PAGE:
High Violet – The National (May 2010)

In my first month at college, a friend, knowing that I was into other bands that embraced the Springsteenian rebirth that is currently affecting independent music like The Hold Steady and Arcade Fire, introduced me to The National, ordering that I pop Boxer into my disc drive.  He wouldn’t even let me wait until the disc finished ripping, he ordered me to play it right then and there, and then “Fake Empire” began to go through my speakers.  There was a silent beauty to the piano and Berninger’s engaging baritone murmur, but I didn’t understand until Bryan Devendorf quickly blew the song into a grandiose anthem that I felt was promised.  “Mistaken For Strangers” and “Brainy” then brought me to fall in love with the band, but Boxer always felt like something was missing.  Their synthesis of Springsteen and Joy Division was triumphant and huge, but at the same time it was restrained and shy.

Over half a year later, in May, a torrent of veteran independent releases from many of my favorite bands occupied my time, and The National fell to the back of my listening queue, partly thanks to me being let down by what I felt was a gutted version of the opener, “Terrible Love,” compared to what we saw on Late Night With Jimmy Fallon.  By the time I had finally finished immersing myself in the latest by Broken Social Scene, I dove into High Violet ready for something that wouldn’t measure up to the majesty of Boxer.  Instead, though, every song clicked so well that few songs on either Boxer or Alligator would be in the same league as even the lowest points of High Violet.  Like they could only on occasion before (“Mistaken For Strangers,” “Mr. November”), The National gained confidence, and they maintained it throughout the entirety of their fifth album.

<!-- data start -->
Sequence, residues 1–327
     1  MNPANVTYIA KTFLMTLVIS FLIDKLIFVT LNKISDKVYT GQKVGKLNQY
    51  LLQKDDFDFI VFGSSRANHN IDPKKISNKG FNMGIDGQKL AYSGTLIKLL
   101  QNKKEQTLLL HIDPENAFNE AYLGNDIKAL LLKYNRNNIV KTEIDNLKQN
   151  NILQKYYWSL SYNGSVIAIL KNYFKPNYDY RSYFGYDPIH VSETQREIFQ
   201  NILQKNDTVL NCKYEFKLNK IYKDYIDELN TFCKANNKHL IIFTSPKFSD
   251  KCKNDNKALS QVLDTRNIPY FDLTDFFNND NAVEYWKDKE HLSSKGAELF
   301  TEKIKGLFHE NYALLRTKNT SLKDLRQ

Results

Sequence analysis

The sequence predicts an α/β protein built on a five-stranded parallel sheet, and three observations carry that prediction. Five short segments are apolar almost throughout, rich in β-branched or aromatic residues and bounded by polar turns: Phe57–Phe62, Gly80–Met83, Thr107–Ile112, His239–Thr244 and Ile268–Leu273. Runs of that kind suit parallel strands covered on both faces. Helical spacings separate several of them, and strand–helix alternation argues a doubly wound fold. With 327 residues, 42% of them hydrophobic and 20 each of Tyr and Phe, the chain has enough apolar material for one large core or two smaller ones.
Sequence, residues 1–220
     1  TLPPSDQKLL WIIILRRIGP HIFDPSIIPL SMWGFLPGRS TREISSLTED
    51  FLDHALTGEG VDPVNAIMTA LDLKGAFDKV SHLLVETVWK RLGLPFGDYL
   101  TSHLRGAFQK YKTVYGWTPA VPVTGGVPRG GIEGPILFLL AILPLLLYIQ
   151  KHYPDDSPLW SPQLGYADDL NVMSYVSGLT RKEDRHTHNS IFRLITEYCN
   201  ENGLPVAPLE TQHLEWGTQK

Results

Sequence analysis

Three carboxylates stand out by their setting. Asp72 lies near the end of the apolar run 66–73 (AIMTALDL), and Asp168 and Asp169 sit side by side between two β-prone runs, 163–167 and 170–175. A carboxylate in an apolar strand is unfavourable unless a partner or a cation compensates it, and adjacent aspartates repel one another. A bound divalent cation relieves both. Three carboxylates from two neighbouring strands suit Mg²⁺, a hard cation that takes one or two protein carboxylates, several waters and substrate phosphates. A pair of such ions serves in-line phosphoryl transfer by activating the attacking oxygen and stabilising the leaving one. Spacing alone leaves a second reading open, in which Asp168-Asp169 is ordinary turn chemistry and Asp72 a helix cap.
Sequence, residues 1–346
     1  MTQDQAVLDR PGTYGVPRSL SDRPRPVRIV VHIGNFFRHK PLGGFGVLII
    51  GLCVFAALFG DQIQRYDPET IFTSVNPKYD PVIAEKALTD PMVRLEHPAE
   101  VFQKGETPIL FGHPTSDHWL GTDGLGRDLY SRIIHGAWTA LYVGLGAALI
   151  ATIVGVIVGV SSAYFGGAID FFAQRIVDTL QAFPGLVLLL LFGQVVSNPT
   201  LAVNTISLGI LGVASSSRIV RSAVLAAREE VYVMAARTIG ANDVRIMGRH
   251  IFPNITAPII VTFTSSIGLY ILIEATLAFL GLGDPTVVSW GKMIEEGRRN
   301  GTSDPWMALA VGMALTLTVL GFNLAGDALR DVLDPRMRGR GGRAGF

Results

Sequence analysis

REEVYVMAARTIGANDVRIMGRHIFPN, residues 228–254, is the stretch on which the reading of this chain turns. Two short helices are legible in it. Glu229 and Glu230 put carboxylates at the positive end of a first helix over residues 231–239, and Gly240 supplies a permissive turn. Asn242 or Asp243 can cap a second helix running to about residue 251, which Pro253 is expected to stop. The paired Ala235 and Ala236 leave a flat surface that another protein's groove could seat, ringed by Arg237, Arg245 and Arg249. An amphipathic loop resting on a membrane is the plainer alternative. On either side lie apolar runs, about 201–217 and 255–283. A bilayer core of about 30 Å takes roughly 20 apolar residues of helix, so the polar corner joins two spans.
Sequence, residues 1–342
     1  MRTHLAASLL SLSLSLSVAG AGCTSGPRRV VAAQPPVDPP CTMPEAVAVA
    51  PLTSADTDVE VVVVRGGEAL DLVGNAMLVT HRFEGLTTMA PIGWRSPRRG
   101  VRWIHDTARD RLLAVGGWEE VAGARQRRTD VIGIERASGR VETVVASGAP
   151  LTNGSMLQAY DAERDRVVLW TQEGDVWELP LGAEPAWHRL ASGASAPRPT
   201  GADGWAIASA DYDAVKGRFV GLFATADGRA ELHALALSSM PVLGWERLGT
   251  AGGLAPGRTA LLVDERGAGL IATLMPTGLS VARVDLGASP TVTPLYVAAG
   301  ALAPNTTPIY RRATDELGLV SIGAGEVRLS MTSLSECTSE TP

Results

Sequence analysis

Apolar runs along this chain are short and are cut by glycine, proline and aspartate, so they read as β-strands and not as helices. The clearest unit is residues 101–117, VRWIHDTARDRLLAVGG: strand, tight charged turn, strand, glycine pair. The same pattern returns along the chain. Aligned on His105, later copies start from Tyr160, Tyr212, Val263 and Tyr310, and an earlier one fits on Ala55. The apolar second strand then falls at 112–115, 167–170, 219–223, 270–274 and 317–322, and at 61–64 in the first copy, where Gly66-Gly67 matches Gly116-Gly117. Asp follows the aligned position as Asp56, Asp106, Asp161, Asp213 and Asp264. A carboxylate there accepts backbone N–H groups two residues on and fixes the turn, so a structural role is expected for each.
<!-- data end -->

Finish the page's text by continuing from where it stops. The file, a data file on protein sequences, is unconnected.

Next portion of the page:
Using a tried and true subject matter, High Violet’s opening three songs are all devastating songs about longing and heartbreak.  “Terrible Love,” the album version of which begins subdued and unsure but blossoms into a swirling vortex of pure despair, hits the nail on the head about emotional alienation (whether he’s saying “It’s quite a company” or “It’s quiet company”), and as the song begins to crack under the explosion of its own grandeur, the most enchanting moment of the album comes with the repeated chant of “It takes an ocean not to break.”  The next two songs don’t stop piling on the self-pity and longing: “Don’t leave my hyper heart alone/On the water/Cover me in rag and bone/Sympathy/’Cause I don’t want to get over you” and “Didn’t want to be/Your Ghost/Didn’t want to be/Anyone’s ghost/But I don’t want anybody else.”  For how confident his songwriting is, Berninger has never seemed so down.

In an interview with The A.V. Club’s Steven Hyden, Berninger spoke about how hard he worked on melody with High Violet, which is obvious in all songs on here, particularly on the could-be pop songs “Sorrow” and “Bloodbuzz Ohio.”  On top of finding a new knack for melody, the songs on High Violet not only swell like they did on previous albums, but they have payoff to their buildups, which is demonstrated by the outro on “Bloodbuzz Ohio.”  Not only does The National advance their songcraft to new heights, but they finally assemble an album in a satisfying arrangement, which is made easy by the consistency.  It isn’t until the dénouement, though, until you realize just how everything ties together.  “Vanderlyle Crybaby Geeks,” the only songs with a string arrangement in the backing, contains a self-spoken beauty as it earnestly closes the album.

Upon achieving parenthood, many artists write the hokiest songs of their career.  They feel pleasance where they once felt fury, and they lose their edge with a song about how there’s such a beautiful world for their child to experience.  However, Matt Berninger doesn’t feel that.  He’s completely horrified about being a father, and instead of learning of new beauty, he only knows fear for his child.  On “Afraid Of Everyone,” he realizes potential threats to his year-old daughter, looking at the world as a deathtrap which he once thought safe.  While The National’s increased maturity is refreshing, the way that Matt and company convey it is unique in that they turn lyrical convention on its head.  While the pop sensibilities, lyrical evolution, and songwriting innovation all lead to High Violet being a fantastic album, the primary expansion from the always-serious Boxer is that, as as is apparent in the straight-faced zombie chorus of “Conversation 16” and the “doot doot”s of “Lemonworld,” the band is having fun.  They’re not as self-serious, and they’re not afraid to make a few mistakes, even though the end result is flawless.


Published in: on July 25, 2010 at 12:20 AM  Comments (1)  

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